HERBIE SALUTES SLOVAK STAR
Thursday 23rd August 2012, 11:31
World champion Greg Hancock says he isn’t surprised by Tarnow team mate Martin Vaculik’s explosive impact in the Grand Prix series ahead of the FIM Fogo British SGP on Saturday.
The Slovak sensation, this year’s SGP series first reserve, makes his fourth World Championship appearance of the season in Cardiff as Jaroslaw Hampel continues his recovery from a broken leg.
Vaculik won on his debut Grand Prix outing in Gorzow on June 23. He missed out on the Croatian SGP semis on countback on July 28, despite scoring eight points.
And he suffered the agony of being excluded from the Italian SGP final on August 11 after being thrown from his machine following a first-bend tangle with Emil Sayfutdinov.
Vaculik’s efforts in three Grand Prix events have netted him 42 points – putting him ahead of permanent riders Kenneth Bjerre and Bjarne Pedersen in the standings.
Hancock races with the 22-year-old at top-of-the-table Polish Ekstraliga side Tarnow and knows all about the Zarnovica-born talent. While the Californian admits his inexperience has caught him out on occasions this term, the 42-year-old is far from shocked to see him tearing up trees on the big stage.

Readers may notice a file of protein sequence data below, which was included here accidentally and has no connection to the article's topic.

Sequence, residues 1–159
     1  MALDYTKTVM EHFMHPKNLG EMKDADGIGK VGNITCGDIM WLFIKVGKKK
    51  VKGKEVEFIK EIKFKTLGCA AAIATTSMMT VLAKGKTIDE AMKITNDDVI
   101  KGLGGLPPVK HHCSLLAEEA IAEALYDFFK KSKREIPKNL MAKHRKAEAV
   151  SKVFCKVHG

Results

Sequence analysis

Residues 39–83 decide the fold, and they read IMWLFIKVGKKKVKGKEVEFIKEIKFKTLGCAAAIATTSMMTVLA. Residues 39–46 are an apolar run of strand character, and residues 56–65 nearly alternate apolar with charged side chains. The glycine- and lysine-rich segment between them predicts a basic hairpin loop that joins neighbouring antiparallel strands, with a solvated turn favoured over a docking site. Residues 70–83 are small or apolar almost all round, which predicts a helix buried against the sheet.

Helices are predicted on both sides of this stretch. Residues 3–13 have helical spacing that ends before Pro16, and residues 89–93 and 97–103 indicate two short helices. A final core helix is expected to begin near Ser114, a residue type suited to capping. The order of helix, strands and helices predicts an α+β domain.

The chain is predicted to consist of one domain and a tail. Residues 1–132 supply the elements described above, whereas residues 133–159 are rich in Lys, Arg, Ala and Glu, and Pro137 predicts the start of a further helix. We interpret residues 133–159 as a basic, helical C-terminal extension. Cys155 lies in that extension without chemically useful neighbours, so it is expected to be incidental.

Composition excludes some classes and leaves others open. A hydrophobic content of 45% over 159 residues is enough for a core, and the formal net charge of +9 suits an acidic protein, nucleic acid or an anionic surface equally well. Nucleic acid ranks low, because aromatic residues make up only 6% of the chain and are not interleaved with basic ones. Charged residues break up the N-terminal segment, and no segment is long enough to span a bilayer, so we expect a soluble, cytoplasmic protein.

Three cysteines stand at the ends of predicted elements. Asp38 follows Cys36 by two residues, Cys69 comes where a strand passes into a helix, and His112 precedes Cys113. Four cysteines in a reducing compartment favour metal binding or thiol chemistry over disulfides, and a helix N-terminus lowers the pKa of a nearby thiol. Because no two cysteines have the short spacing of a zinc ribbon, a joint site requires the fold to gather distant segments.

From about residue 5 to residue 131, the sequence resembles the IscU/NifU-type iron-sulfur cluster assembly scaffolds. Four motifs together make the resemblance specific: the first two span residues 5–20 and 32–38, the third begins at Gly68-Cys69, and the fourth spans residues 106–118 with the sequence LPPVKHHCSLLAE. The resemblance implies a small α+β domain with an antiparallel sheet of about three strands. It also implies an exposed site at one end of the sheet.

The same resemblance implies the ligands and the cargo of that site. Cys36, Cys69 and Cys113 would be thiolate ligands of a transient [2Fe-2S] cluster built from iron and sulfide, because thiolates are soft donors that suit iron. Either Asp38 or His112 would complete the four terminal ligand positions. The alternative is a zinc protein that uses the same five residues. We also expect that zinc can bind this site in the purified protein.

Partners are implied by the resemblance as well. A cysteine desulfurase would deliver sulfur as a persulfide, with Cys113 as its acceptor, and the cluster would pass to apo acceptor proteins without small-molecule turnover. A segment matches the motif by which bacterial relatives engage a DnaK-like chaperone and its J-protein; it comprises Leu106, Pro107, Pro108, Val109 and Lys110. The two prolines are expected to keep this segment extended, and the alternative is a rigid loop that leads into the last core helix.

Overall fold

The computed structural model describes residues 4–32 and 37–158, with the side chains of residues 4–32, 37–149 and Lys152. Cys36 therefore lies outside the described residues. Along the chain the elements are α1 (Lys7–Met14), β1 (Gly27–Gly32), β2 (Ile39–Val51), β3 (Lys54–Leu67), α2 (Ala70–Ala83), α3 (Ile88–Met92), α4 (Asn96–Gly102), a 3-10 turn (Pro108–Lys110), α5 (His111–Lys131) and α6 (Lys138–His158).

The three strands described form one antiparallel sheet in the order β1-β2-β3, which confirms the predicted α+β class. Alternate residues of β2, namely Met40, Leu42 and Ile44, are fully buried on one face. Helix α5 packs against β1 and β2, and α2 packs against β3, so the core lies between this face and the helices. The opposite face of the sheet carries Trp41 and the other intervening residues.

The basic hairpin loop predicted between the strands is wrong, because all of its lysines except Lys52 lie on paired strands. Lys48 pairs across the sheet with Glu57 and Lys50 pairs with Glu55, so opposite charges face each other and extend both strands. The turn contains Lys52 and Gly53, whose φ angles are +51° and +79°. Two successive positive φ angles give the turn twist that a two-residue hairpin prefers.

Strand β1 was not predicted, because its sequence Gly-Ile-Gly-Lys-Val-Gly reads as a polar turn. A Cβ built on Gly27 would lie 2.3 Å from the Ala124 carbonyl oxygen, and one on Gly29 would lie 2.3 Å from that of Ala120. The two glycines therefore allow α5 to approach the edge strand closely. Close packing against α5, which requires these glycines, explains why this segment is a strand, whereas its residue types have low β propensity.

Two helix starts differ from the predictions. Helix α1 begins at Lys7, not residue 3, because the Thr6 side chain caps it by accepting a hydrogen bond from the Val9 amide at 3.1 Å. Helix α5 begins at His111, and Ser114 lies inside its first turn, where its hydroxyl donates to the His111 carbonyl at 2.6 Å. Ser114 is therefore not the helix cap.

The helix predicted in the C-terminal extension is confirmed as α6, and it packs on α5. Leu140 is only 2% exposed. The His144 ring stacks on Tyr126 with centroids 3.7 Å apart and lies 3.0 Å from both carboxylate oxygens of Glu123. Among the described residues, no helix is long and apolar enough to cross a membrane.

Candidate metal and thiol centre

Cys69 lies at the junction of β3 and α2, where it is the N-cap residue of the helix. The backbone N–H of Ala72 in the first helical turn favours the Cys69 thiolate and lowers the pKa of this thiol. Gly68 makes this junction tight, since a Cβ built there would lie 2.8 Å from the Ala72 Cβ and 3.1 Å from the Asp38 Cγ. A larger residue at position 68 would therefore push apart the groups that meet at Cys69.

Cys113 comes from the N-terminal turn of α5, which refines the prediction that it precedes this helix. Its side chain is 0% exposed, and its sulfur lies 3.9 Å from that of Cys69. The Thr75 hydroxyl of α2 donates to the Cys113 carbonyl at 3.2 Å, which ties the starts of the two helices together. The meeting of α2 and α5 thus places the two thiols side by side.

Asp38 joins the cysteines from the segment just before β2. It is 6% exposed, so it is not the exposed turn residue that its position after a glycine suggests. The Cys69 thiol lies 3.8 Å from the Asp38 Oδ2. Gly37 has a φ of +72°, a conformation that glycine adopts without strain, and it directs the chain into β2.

"Iâ€™ve been watching Martin for a long time and I have always respected his style and what he does."
- Greg Hancock
He said: “I’m not surprised at all. I’ve been watching Martin for a long time and I have always respected his style and what he does.
“He’s coming good. You can see the youth is probably getting the better of him at the moment in certain instances, when it puts him in positions he doesn’t want to be in.
“But it doesn’t matter. The guy has a bundle of talent and he has a good head on his shoulders.
“The guys are coming up all the time. You can see what Vaculik is doing and that’s a kid to watch for the future. There’s a ton more coming and I’ve got my work cut out. But that’s alright; I like that.”
Hancock was forced to leave his native California for Europe and set up base in Britain to make his way in the shale sport. So the Piraterna rider, who lives in Sweden these days, has plenty of respect for Vaculik – a rider with no regular racing in his homeland.
“In that sense, he is a little bit like an American,” Hancock said. “He’s obviously closer to Europe than we were, but you’ve got to leave home to make it happen. There’s not much going on in his home country at all in terms of speedway.
“I think that’s the difference with a lot of the riders and probably in the UK. They have it all on their doorstep and it’s like home for them everywhere they are.
“Sometimes you need to get away, be on your own and understand you don’t have Mum, Dad and everyone around you to fix it for you. That’s the game.”
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